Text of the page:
Fifteen years ago, the Board of Directors of the New York Civil Liberties Union voted to modify its policy on cameras in the courtroom from one of support, to the current position of qualified opposition.
The shift in policy reflected a balancing of competing constitutional rights – the rights related to freedom of the press and a criminal defendant’s right to a fair trial – and resulted in what the NYCLU considers a fair and equitable solution to the potential conflict.
Under the proposed legislative scheme, this balancing of rights and interests requires that a criminal defendant must be afforded the right to preclude the recording of court room proceedings.
We urge the legislature to reject the proposed legislation absent such an amendment. The principle of a free press and the guarantee of a public trial afford the general public and the news media the opportunity to attend and to report on all phases of civil and criminal trials unless a compelling state interest justifies a limited exclusion in narrowly defined circumstances.
While neither the public nor the media have a right to use electronic recording or broadcast devices in civil or criminal court proceedings, New York State may choose to allow the use of such devices in a courtroom1 and has done so, in fact, over the course of a decade, from 1987 to 1997.
The sponsor’s memorandum supporting A.3950/S.2067 recognizes the public interest in making judicial proceedings more accessible and in providing for enhanced public scrutiny of court proceedings; however, the sponsor’s findings do not take into account the potential harm to the integrity of the judicial process that may be caused by the electronic recording and broadcasting of court proceedings.
Following the state’s most recent experiment in the use of cameras in courts (which was permitted by legislative enactment), the Feerick Commission surveyed judges regarding the experiment. The survey results demonstrated great concern among nearly half of the judges surveyed that the presence of cameras in courtrooms posed a potential threat to judicial independence and that television coverage of court proceedings distracted witnesses.
More than one-third of the judges surveyed said television broadcasting caused them to render rulings they would otherwise not have issued. There is, however, a dearth of scientifically sound empirical research regarding the effects and consequences of permitting the audiovisual recording and broadcasting of court proceedings.
(And for this reason, it seems ill advised to pass this legislation without a date of termination and without a mandated study by independent experts regarding the impact of cameras upon judicial proceedings.)
Given the potentially disruptive or prejudicial impact upon defendants in criminal proceedings and upon the judicial system, the state must take more affirmative measures to ensure that the use of electronic recording or broadcast devices do not compromise a criminal defendant’s right to a fair trial.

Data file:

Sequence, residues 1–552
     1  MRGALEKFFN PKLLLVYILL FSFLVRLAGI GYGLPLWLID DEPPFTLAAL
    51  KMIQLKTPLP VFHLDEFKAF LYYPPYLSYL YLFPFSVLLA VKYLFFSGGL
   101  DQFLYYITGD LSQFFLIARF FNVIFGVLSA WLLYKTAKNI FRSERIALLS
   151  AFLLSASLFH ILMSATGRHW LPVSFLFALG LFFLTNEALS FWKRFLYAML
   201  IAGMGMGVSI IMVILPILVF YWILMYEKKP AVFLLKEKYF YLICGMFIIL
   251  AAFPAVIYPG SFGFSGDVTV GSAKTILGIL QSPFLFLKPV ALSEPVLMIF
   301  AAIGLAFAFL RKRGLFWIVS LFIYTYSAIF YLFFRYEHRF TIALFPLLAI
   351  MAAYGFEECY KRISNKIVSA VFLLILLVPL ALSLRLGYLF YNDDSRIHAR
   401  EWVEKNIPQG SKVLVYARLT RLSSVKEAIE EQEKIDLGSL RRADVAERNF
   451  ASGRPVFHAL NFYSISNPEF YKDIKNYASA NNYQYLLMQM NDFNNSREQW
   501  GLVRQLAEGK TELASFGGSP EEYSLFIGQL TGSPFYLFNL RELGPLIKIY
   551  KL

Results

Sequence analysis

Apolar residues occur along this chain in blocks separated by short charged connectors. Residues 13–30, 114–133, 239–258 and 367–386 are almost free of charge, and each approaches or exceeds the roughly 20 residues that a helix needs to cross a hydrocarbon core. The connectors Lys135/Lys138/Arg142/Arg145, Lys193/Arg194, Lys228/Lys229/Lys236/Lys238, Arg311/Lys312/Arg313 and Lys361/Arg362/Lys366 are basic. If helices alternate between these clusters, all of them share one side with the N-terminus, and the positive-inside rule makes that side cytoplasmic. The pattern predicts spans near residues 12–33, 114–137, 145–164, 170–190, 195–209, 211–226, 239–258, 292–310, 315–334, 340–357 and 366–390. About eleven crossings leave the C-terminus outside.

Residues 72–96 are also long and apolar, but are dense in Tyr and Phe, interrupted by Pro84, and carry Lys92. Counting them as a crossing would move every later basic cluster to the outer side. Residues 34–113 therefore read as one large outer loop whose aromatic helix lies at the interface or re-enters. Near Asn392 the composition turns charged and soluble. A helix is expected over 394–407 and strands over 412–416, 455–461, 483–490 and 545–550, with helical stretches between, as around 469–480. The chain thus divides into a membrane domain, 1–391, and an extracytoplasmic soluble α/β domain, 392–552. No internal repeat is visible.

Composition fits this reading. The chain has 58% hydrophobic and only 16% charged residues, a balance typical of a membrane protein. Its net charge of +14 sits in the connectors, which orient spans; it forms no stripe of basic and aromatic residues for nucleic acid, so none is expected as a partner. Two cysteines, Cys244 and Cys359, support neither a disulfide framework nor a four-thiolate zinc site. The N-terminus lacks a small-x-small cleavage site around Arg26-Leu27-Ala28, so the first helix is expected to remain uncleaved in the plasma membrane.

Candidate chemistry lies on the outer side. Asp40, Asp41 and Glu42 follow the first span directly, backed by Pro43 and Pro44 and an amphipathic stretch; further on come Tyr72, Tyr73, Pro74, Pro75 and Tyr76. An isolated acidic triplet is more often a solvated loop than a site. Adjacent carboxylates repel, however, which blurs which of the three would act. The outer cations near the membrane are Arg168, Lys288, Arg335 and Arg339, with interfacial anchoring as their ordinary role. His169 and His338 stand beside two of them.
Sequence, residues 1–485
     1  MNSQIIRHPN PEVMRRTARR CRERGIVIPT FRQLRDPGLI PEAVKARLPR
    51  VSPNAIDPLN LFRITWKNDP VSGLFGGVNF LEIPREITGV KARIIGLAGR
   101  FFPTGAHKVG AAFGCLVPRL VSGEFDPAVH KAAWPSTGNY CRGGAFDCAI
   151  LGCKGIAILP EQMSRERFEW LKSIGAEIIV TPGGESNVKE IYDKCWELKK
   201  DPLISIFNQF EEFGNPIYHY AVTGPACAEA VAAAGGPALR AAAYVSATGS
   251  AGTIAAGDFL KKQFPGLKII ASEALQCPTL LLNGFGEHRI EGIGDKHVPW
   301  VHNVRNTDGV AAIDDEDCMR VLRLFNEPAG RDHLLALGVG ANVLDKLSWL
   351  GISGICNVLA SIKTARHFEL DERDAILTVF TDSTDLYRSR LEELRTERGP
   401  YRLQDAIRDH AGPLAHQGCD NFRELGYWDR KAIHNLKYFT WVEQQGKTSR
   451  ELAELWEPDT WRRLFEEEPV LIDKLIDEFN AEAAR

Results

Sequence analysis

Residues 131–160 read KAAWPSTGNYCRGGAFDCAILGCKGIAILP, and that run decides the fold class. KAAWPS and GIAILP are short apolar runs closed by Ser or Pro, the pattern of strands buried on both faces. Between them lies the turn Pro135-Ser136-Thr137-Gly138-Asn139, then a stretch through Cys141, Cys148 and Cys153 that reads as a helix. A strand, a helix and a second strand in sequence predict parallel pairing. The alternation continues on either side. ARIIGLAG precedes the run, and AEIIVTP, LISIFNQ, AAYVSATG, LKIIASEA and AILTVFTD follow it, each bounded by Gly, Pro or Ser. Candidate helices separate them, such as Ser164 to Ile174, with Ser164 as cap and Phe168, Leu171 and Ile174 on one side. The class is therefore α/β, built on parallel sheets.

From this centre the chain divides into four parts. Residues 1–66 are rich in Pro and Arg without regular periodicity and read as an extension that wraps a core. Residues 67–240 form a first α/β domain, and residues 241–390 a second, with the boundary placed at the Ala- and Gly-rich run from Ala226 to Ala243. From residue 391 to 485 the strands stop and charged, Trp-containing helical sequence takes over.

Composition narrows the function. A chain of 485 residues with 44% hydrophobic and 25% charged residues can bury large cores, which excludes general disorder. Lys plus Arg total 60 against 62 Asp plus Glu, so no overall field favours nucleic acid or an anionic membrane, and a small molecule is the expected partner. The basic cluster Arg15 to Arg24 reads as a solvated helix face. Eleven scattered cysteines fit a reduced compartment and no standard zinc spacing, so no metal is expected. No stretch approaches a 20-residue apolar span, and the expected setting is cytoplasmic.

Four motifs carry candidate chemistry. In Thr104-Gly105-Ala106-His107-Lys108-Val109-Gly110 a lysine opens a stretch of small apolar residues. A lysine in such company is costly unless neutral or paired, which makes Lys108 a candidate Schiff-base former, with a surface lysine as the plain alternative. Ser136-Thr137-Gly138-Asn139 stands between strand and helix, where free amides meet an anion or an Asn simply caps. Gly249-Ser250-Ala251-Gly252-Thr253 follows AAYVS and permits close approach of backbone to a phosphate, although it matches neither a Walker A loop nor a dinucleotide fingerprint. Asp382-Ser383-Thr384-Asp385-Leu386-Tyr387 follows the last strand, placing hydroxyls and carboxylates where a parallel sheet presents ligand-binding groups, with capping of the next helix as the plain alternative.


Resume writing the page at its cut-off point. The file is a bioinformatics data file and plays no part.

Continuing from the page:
Other parties, including the state in criminal cases, do not have the same interests as a criminal defendant and should not, therefore, have the same veto power over the use of electronic recording and broadcast devices in the courtroom.
These parties should, however, be permitted to demonstrate that the use of courtroom cameras should be restricted in particular circumstances for narrowly focused reasons. Any authorization for the use of recording or broadcast devices in court proceedings should provide an opportunity for parties other than a criminal defendant to object to their use, in whole or in part, on the ground that they will prejudice the fairness or accuracy of the proceedings or otherwise violate their rights.
To its credit, the proposed bills seek to address some of these concerns by restricting or prohibiting audio¬visual coverage of children (except in the case of criminal trials and certain family court proceedings); of the families of parties in a criminal trial; and of individuals who have been the victims of sex offenses.
The proposed legislation gives victims and non-party witnesses the right to have their images or voices obscured during audio¬visual coverage. The bills also prohibit audio-visual coverage of the jury, with the exception of audio coverage of the foreperson delivering the verdict.
However, for the party who has the most to lose -- the defendant -- the bill does too little to protect his or her right to privacy and to a fair trial. Surely, in a judicial system that presumes a defendant is innocent until proven guilty, any procedural protections of privacy afforded participants in a judicial proceeding must be extended to the defendant as well.
The NYCLU does not take an absolutist position in opposing the use of electronic recording or broadcasting devices in the courtroom; however, as an advocate for civil liberties, the organization cannot support the use of such devices in court proceedings without providing a defendant the right to veto cameras at his or her trial. For this reason, we must take a position of qualified opposition to A.3950/S.2067.
1 Because we assume that the state would not authorize the use of recording and broadcast devices in family court or in matrimonial, competency and like proceedings, we do not address whether the parties to these proceedings have a privacy right entitling them to exclude these devices.